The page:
The big game hunter says he had no idea Cecil was collared and was surprised by the international uproar.
The Minnesota dentist and big game hunter who reportedly killed a black maned lion dubbed ‘Cecil’ has broken his month-long silence, revealing several insights about his kill that he claims the media and his critics got wrong.
For six weeks, hunter Walter Palmer was hounded by the press and an anti-hunting Internet campaign after allegations emerged that he had lured the lion — dubbed “Cecil” by some locals and scientists who were studying him — out of a game preserve, shot him with a crossbow and had to track him for 40 hours before finally taking the lion. Critics called for Palmer’s extradition to Zimbabwe for illegally killing the lion, lawmakers asked the feds to investigate any wrongdoing, and an Internet mob called for a boycott of his business and even wished the dentist physical harm.
Palmer allegedly “went into hiding” for six weeks and finally broke his silence in speaking to the Minneapolis Star Tribune and the Associated Press in a short interview last week before returning to his Eden Prairie practice because his patients and staff “want me back.”
The paper posted the entire transcript of the interview, and here are some things Palmer claims the critics got wrong:
- Palmer was not in “hiding” — Palmer claims he was “out of the public eye” staying with “family and friends,” but he declined to say who specifically he was staying with.
- The hunt was legal — Palmer’s lawyer says the dentist believed all the “papers and permits were obtained” to legally hunt the lion and he believes the area in which the lion was killed was open for hunting.
- The lion was taken with a vertical compound bow — Press reports claimed the lion was shot with a crossbow. In his interview, Palmer says the lion was shot with a vertical compound bow — both in the initial shot and the final dispatching shot.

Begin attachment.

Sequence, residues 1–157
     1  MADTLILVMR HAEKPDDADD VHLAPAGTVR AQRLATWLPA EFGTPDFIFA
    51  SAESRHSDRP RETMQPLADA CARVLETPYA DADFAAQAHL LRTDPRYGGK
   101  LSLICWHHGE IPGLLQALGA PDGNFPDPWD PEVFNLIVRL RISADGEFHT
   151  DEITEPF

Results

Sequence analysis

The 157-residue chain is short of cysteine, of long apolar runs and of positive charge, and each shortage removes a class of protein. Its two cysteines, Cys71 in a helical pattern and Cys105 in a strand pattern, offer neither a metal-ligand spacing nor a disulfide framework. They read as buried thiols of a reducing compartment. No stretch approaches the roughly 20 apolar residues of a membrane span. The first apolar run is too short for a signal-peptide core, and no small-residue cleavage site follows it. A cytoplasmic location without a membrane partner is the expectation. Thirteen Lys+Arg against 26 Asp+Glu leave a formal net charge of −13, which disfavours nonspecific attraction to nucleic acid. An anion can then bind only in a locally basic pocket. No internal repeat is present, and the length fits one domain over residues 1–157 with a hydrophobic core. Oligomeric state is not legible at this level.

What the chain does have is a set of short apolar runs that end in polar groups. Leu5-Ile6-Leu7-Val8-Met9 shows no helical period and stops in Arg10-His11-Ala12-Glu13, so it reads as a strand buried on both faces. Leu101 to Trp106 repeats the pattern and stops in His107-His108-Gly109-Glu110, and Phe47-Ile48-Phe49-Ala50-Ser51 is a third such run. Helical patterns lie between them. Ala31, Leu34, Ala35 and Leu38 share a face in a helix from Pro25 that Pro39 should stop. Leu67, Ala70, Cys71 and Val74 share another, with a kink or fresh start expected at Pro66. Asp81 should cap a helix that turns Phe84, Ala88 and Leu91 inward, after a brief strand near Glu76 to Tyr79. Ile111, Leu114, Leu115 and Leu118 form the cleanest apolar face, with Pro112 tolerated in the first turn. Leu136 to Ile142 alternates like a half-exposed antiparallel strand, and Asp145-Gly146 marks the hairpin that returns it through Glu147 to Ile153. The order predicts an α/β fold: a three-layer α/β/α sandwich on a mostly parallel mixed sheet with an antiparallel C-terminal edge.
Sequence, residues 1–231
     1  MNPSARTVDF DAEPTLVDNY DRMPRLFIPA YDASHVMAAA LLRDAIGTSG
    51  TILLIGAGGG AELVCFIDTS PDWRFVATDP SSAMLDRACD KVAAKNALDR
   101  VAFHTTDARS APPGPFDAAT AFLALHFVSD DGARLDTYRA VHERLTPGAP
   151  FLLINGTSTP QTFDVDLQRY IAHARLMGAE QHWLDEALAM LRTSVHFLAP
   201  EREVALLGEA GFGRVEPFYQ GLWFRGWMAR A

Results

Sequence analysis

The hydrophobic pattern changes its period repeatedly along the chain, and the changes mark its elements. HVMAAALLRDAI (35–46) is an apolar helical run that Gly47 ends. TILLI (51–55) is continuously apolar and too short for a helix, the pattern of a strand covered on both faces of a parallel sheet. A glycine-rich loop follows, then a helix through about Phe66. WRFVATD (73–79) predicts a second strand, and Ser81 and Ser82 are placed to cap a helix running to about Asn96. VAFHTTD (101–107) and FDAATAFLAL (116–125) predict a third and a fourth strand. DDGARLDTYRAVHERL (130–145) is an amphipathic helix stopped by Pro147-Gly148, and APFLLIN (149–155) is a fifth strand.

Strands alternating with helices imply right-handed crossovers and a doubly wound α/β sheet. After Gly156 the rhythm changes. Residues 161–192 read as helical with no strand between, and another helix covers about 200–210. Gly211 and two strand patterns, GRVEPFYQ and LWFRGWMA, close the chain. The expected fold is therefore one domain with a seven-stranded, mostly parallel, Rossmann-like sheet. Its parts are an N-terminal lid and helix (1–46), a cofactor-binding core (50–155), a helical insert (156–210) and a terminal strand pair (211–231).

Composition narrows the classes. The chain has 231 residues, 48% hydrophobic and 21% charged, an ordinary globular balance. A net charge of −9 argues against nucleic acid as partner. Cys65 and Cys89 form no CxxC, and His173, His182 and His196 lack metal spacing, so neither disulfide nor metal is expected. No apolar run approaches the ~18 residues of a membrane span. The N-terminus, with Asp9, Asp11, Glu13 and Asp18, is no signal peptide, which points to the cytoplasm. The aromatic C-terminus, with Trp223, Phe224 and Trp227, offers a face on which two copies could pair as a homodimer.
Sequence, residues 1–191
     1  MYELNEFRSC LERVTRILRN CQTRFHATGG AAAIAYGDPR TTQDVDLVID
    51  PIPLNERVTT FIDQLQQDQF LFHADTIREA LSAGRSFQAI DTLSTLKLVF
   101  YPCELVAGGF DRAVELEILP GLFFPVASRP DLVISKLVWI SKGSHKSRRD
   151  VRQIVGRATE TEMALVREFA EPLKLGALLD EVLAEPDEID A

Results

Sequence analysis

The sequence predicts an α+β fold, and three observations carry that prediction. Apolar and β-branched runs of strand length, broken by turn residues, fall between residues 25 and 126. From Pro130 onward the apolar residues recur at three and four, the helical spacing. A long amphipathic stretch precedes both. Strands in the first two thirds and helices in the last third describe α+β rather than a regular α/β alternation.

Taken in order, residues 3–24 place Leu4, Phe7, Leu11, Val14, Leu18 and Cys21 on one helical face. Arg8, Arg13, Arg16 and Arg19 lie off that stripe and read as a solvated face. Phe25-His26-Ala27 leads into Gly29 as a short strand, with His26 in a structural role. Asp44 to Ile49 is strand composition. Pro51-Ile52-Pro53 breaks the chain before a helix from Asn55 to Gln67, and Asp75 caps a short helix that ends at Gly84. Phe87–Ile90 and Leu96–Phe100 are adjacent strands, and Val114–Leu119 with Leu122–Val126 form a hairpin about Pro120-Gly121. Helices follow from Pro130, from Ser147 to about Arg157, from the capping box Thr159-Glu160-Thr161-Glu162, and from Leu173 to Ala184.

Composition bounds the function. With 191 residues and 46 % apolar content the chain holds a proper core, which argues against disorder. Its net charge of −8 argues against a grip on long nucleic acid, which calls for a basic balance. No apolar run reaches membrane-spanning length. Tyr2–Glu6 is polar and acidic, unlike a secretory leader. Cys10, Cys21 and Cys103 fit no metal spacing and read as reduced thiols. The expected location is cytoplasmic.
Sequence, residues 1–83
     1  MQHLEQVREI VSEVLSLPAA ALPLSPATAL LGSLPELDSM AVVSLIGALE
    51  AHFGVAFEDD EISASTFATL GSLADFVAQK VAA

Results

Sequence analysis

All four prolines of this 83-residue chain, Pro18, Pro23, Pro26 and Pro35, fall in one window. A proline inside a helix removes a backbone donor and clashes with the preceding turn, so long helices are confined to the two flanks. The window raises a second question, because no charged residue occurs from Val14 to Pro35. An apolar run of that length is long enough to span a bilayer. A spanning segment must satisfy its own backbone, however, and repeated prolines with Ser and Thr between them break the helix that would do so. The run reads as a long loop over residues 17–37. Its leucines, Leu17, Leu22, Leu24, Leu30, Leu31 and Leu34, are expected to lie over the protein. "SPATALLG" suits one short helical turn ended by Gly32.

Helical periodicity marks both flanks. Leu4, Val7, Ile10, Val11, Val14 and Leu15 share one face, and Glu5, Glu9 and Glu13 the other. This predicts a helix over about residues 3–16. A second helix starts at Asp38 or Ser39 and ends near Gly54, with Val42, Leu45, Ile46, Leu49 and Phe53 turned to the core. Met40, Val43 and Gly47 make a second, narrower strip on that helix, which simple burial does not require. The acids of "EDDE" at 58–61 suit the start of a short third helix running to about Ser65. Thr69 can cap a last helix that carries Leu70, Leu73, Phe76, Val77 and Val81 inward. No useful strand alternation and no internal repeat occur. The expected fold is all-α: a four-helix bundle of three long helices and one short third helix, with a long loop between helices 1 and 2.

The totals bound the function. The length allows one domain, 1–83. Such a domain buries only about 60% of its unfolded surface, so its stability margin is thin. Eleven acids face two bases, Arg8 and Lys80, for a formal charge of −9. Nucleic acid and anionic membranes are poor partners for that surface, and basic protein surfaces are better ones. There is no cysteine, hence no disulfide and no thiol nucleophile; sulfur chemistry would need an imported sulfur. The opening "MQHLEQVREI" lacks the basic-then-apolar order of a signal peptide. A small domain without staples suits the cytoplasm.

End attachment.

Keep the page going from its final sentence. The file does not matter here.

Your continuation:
- Palmer didn’t know the lion was collared — Palmer claims he didn’t see a collar on the lion when he shot it. He also claims that many lions taken in the area are collared for research purposes.
- It is legal to kill a collared lion — Palmer and his lawyer claim taking a lion collared for research is legal.
- Palmer may fight extradition — Despite reports that the Zimbabwe government is cooling on the idea of extraditing Palmer for a hearing on the Cecil kill, the hunter says he will hire a lawyer if such a request is made.
- Palmer has been to Africa multiple times — While he’s not sure he’ll ever go back, Palmer did claim he’s an experienced African big game hunter with at least four previous visits.
- Palmer was surprised by the uproar — While he claims he doesn’t “have a level of dislike for any person or special interest group” that criticized his hunt, Palmer says he didn’t know about any controversy until a lawyer called him about a British newspaper report on the kill.
- Palmer is afraid for his family — The dentist says local police are protecting him and his business from potential threats to his life, but he’s still worried about the safety of his wife and daughter.
“It’s been especially hard for my wife and daughter,” Palmer said in the interview. “They’ve been threatened in the media … and the social media. … I don’t understand that level of humanity, to come after people not involved at all.”